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Mourning's Sunset: Thanks for the Memories, Alonzo

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Mourning's Sunset: Thanks for the Memories, Alonzo

Alonzo Mourning retired from the NBA today after 15 seasons.

He is arguably one of the top 10-15 centers of all time, and why wouldn't he be, with his impressive resume?

-An All-American during his junior year at Georgetown.

-Second overall pick in the 1992 NBA Draft and runner up to the Rookie of Year award (both behind his future Heat teammate, Shaquille O'Neal). Also a member of the All-Rookie First team

-Seven-time All-Star

-Two-time Defensive Player of the Year

-Two-time All-Defensive First Team

-Won the Gold Medal in the 2000 Olympics with Team USA

-Helped the Miami Heat win the NBA Championship in 2006

-Career averages of 17.1 PPG, 8.5 RPG and 2.8 BPG, with his best years coming in the late '90s with the Heat

 

He overcame a life-threatening kidney disease with a life-saving transplant received from his cousin, Jason Cooper.

He was a tough player who played with unmatched intensity and passion. He left everything on the court, every single time I've ever seen him play.

And the funny part is, I say all of that as a lifelong Knicks fan who absolutely hated 'Zo, Riley and company during that great Knicks vs. Heat rivalry in the '90s.

After nearly a decade of horrible trades, ridiculous long-term contracts, sexual harassment accusations, chants of "Fire (Insert Name)!" at the Garden and mostly uninspired, selfish basketball, I would gladly welcome back the days where the Heat and the Knicks would literally brawl on the court. 

While the Knicks are much improved now under the Walsh/D'Antoni regime, I'm nostalgic for the old days.

Call me crazy, but I remember Game 5 of the second round series in the 1997 playoffs where P.J. Brown tossed Charlie Ward into the ground, igniting a huge brawl which led to the suspension of all the Knicks' top players, including Ewing, L.J., Starks, and Houston

The Knicks were therefore eliminated and I will always believe that Riley secretly ordered that brawl to lure in the Knicks players. Maybe Riley knew that he couldn't win that series against a Knicks team at full strength.

Either way, I miss it and, other than Riley, Mourning received the most venom from Knicks fans. We weren't shy about our hatred for 'Zo. In fact, we made it known with every opportunity we got.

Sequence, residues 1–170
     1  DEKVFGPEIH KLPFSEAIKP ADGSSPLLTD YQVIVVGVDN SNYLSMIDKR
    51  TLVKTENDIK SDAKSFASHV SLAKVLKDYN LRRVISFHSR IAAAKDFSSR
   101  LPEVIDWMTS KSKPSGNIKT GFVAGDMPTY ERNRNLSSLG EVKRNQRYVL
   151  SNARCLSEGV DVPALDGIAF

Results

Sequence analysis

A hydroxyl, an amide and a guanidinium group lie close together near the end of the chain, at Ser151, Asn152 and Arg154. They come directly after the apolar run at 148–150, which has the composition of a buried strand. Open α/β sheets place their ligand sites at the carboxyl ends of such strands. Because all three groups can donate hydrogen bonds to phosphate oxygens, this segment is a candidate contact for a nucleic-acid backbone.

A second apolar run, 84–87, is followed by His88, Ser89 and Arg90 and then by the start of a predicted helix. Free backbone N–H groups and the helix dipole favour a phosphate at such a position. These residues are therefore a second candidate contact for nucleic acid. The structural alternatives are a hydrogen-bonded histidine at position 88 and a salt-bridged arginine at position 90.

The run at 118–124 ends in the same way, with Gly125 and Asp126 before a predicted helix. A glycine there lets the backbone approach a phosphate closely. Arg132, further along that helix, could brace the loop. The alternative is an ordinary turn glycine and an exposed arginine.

I will never forget the playoff series that these two heated rivals played in the next season when Mourning got into a confrontation with Larry Johnson. The two didn't actually land any punches, but the image of Coach Jeff Van Gundy wrapped on 'Zo's leg while hanging on for dear life is something that never fails to bring a smile to my face.

The Knicks and the Heat went on to battle in some of the most physical and intense basketball games over the next couple of years. And, as I've repeated, 'Zo was a huge part of it all.

The matchups between 'Zo and his fellow Georgetown alum, Patrick Ewing, were memorable. These two were bitter rivals on the court but they somehow managed to remain best friends off the court. They brought out the best in each other and their matchups only added to that great rivalry.

I firmly believe that the most intense hatred for a particular player from an opposing fan base stems from a deep (and perhaps secret) respect that this particular player commands. I look at it this way—if this guy played for your team, you would love him unequivocally.

Sometimes players look at it from this perspective: "Hate playing against but would love to play with." 'Zo is definitely one of those guys. He was truly a warrior that just happened to play for the other team.

I was rooting hard for him when he was dealing with that kidney disease and I was extremely happy when he finally received the needed kidney.

I admired the courage and strength that he displayed while he was battling this disease. It was the same courage and strength that he showed on the basketball court. Except this time, I didn't dare root against him.

Mourning's many charitable works deserve a ton of praise. They are a testament to the type of man he is off the court.

When Mourning finally won a championship during his second stint with the Heat as Shaq's backup center, I was secretly happy for him. He wasn't just on the team, either; he played an important role with his defense and energy off the bench.

So today, we are saying goodbye to a great competitor and a champion in so many ways. He is going out on his own terms and, most importantly, with his health intact.

Thank you for all the memories, Alonzo, even though I would've never imagined uttering these words back in the glory days.

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